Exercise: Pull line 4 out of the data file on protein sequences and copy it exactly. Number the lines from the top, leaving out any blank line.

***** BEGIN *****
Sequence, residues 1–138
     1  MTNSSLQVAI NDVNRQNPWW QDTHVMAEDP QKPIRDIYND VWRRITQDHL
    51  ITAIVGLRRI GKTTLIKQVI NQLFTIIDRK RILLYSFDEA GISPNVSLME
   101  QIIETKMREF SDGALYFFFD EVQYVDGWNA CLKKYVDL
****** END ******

   101  QIIETKMREF SDGALYFFFD EVQYVDGWNA CLKKYVDL